Living a green life is all about living life intentionally. It often involves moving away from what is convenient in order to do what’s best for the environment – like air-drying your laundry. We’ll take a look at why you should ditch your clothes dryer and embrace drying laundry naturally.
Did you know that a clothes dryer is one of the most energy-consuming appliances in your home? It’s actually something that many of us could live without, but we’ve gotten so used to the convenience of being able to dry our laundry quickly that we often don’t even think about seeking an alternative.
Benefits of Air-Drying Laundry
There are so many reasons to consider making the switch, and not all of them are environmental. Let’s take a look at some of the benefits of air-drying laundry.
- Air-drying uses less energy, which has a smaller environmental impact and helps save you money.
- When hung properly, clothes will have fewer wrinkles, meaning there is less ironing to do.
- By reducing the wear and tear that often occurs in the dryer, you can extend the lifetime of your clothes.
- When hung outside on a sunny day, clothes are whitened and disinfected.
- Air-drying keeps your clothes fitting properly, without any surprise shrinkage.
- When you have to make time to hang out your laundry, you’ll automatically become more aware of how often you’re washing your clothing.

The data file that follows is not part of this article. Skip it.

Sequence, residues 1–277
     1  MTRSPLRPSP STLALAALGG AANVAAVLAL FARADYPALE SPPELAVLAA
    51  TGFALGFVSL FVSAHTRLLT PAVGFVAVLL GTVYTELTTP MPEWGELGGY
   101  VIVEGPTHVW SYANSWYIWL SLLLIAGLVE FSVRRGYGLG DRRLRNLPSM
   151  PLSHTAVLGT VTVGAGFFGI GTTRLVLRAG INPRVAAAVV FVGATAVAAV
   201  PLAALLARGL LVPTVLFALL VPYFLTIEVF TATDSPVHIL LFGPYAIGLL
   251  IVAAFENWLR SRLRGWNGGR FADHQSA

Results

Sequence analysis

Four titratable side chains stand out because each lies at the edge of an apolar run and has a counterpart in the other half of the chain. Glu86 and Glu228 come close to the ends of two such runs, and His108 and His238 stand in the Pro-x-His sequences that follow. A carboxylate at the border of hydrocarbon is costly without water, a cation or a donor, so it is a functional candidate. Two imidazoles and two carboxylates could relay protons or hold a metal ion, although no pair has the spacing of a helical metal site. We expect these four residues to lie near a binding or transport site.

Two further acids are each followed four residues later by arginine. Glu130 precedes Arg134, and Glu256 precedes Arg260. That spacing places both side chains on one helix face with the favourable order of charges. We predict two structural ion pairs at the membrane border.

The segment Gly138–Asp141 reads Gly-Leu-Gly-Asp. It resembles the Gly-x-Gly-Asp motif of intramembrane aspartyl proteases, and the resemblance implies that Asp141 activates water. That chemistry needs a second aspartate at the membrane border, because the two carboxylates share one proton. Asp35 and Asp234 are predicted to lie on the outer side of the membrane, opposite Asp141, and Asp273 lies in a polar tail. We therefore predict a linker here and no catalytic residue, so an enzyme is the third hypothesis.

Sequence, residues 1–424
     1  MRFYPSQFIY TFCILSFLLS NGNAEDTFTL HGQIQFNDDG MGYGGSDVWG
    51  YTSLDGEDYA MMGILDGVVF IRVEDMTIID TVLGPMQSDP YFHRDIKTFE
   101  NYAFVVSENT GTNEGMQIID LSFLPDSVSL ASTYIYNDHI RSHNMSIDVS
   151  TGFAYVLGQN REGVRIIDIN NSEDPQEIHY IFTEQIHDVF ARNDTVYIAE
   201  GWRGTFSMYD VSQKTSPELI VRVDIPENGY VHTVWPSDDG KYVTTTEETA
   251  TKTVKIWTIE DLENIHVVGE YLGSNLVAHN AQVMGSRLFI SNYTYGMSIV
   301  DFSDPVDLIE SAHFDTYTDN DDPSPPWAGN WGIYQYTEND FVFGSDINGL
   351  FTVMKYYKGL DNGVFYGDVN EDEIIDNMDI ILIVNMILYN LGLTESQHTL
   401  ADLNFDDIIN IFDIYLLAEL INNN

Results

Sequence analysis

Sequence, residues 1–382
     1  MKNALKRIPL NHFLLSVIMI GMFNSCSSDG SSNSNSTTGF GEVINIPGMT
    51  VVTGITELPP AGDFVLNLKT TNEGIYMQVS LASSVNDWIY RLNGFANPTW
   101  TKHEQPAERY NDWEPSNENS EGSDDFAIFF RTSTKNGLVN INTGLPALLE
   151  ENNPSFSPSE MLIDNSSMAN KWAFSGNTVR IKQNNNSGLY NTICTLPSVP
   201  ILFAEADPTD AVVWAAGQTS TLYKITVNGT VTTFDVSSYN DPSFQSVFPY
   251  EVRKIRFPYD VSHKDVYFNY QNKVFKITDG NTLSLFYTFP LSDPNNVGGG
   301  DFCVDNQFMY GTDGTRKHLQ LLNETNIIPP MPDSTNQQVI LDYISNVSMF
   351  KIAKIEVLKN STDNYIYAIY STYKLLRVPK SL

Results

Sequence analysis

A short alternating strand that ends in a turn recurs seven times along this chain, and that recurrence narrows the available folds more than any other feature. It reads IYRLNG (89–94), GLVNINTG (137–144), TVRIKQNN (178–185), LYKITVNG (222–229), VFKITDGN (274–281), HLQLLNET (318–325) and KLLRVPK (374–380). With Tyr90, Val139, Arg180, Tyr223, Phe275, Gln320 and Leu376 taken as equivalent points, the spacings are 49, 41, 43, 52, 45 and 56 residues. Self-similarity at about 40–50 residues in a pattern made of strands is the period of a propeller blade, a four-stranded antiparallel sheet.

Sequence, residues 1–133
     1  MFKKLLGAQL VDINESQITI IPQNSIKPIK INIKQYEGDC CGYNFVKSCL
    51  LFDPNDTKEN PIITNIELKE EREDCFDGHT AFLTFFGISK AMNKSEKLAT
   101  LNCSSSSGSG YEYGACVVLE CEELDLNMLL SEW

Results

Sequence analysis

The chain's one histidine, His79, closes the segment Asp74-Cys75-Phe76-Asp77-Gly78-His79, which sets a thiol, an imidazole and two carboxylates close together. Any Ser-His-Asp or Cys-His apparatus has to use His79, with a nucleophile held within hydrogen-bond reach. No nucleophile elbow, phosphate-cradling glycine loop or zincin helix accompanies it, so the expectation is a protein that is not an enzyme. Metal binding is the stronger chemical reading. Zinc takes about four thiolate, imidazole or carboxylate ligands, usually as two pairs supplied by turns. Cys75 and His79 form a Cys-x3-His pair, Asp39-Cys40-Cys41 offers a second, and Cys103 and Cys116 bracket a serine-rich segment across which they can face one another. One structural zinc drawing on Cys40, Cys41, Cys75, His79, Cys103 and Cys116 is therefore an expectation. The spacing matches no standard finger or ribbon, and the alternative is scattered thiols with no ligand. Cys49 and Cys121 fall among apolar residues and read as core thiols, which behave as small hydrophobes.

Hanging Clothes Properly
When drying laundry on the line, hanging it properly can help it to dry quickly and as wrinkle-free as possible.
Sheets: Fold sheets in half, and pin them to the clothesline by its corners. Add another clothes pin in the middle on breezy days to make it extra secure. Flip the sheet halfway through the drying process.
Towels: Pin the corners of the towel to the clothesline, and flip about halfway through the drying process.
Pants: Line up the inner seams of the legs and then pin them to the clothesline at the hem. The waistband is the heaviest part of the pants, so hanging them upside down actually helps to pull the wrinkles away.
Socks/Underwear: Since these items are small and not heavy, hang them however you’d like in order to make the most of the space. If you want to pin your socks in pairs, pin them together at the toe.
Shirts: Hang shirts upside down as well, and pin the corners on the line. The bottom of a shirt is far less likely to show pin marks than the shoulders are.
Drying Laundry: Dos and Don’ts
It may be surprising, but there’s more to air-drying laundry than just hanging clothes out on a line. In fact, there are several tricks and tips you should pay attention to.
- Keep the clothesline clean. This means checking it for bird droppings, dust, and dirt.
- Start with the largest items, like bed sheets and towels, before adding clothing to the line.
- Space your items an inch or so apart in order to facilitate proper airflow.
- Shake your items before adding them to the line in order to prevent stiffness and winkles.
- Hang your clothes properly.
- Fold and put laundry away immediately after removing it from the clothesline.
- Don’t dry your darks and bright colors in direct sunlight. This will break down the dyes on the fabrics and cause them to fade.
- Don’t air-dry down garments. Things like duvets, jackets, and vests should be dried in the dryer along with a tennis ball or two. This is because down tends to clump when wet, and the tumble dryer will help bring the fluff back.
- Don’t hang sweaters or heavy garments. These items should be laid flat to dry because hanging them will cause them to lose their shape.
- Don’t dry your laundry in small or windowless rooms if drying it on a clothes rack indoors. The evaporating moisture may cause mold to grow on your walls. Always dry clothes in well-ventilated rooms.
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